Beds of packed rock expand and contract as their temperature rises and falls, respectively. This was called “thermal ratcheting,” which stresses the walls of storage tanks because the rocks expand beyond their normal size (the size they were when they were fitted into the tank) — similar to how ice expands and can break glass in your freezer or pipes in winter.
“The most efficient, conventional method of storing energy from solar collectors satisfies the U.S. Department of Energy’s goal for system efficiency,” said Panneer Selvam, professor of civil engineering. “But there are problems associated with this method. Filler material used in the conventional method stresses and degrades the walls of storage tanks. This creates inefficiencies that aren’t calculated and, more importantly, could lead to catastrophic rupture of a tank.”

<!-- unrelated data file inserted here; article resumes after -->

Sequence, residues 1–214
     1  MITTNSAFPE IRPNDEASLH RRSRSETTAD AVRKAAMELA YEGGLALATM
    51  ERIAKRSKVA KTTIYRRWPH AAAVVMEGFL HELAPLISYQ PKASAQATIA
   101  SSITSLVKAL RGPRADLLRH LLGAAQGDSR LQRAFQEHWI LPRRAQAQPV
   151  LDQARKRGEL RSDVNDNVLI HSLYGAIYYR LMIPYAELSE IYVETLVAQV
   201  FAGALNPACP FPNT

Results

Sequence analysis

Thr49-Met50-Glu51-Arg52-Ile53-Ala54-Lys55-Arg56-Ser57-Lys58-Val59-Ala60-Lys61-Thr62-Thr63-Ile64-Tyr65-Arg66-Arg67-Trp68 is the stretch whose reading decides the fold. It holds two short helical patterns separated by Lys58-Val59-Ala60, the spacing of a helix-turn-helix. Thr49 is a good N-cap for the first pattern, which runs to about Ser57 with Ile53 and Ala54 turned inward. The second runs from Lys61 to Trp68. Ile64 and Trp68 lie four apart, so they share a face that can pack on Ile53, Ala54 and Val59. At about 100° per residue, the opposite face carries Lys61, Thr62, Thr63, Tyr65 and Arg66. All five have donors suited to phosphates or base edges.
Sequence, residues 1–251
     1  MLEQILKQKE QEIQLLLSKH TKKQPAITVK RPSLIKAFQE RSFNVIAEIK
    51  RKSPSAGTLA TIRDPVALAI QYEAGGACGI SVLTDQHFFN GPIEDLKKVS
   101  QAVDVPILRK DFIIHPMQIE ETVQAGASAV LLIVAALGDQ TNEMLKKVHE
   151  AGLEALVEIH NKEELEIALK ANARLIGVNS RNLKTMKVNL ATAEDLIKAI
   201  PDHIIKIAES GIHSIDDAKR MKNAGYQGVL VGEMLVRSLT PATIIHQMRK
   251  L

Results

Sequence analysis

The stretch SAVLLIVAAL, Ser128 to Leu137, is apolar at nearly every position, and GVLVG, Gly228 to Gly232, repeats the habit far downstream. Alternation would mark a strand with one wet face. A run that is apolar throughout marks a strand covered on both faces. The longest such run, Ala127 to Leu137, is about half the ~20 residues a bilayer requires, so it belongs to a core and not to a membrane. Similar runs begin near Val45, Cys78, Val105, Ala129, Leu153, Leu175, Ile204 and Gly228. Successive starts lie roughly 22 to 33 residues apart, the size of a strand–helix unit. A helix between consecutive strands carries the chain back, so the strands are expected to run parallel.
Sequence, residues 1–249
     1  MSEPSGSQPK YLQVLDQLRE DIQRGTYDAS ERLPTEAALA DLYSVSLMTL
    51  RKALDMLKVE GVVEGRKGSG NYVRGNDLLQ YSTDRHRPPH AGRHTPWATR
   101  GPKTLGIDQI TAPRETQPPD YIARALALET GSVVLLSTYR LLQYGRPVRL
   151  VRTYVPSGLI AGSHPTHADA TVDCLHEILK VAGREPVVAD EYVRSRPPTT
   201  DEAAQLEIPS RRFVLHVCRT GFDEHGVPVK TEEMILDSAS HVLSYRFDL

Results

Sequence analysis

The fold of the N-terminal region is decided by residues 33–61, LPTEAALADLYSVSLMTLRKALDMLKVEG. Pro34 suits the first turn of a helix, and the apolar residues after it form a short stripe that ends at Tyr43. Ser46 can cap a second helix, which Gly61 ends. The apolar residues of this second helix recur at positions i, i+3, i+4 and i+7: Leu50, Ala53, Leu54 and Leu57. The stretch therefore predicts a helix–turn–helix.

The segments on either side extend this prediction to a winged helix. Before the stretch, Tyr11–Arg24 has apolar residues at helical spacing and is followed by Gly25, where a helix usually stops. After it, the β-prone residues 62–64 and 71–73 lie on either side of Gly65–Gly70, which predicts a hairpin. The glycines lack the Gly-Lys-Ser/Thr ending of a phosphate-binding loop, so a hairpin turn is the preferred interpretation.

The New Method
The new method from the University of Arkansas researchers is a structured thermocline system in which there are parallel plates of concrete with steel pipes running through them. The steel pipes transfer heat absorbed by solar panels into the concrete, which stores it until it is needed to boil water and produce steam (which is usually the case), or supply heat to other heat-powered generators such as Stirling engines or thermoelectric modules.
This thermocline concept survived temperatures up to 600 degrees Celsius (1,112 degrees Fahrenheit) and absorbed heat at an efficiency of 93.9%.
It has an impressively low cost of $0.78 per kWh, far less than the U.S Department of Energy’s goal of $15 per kWh.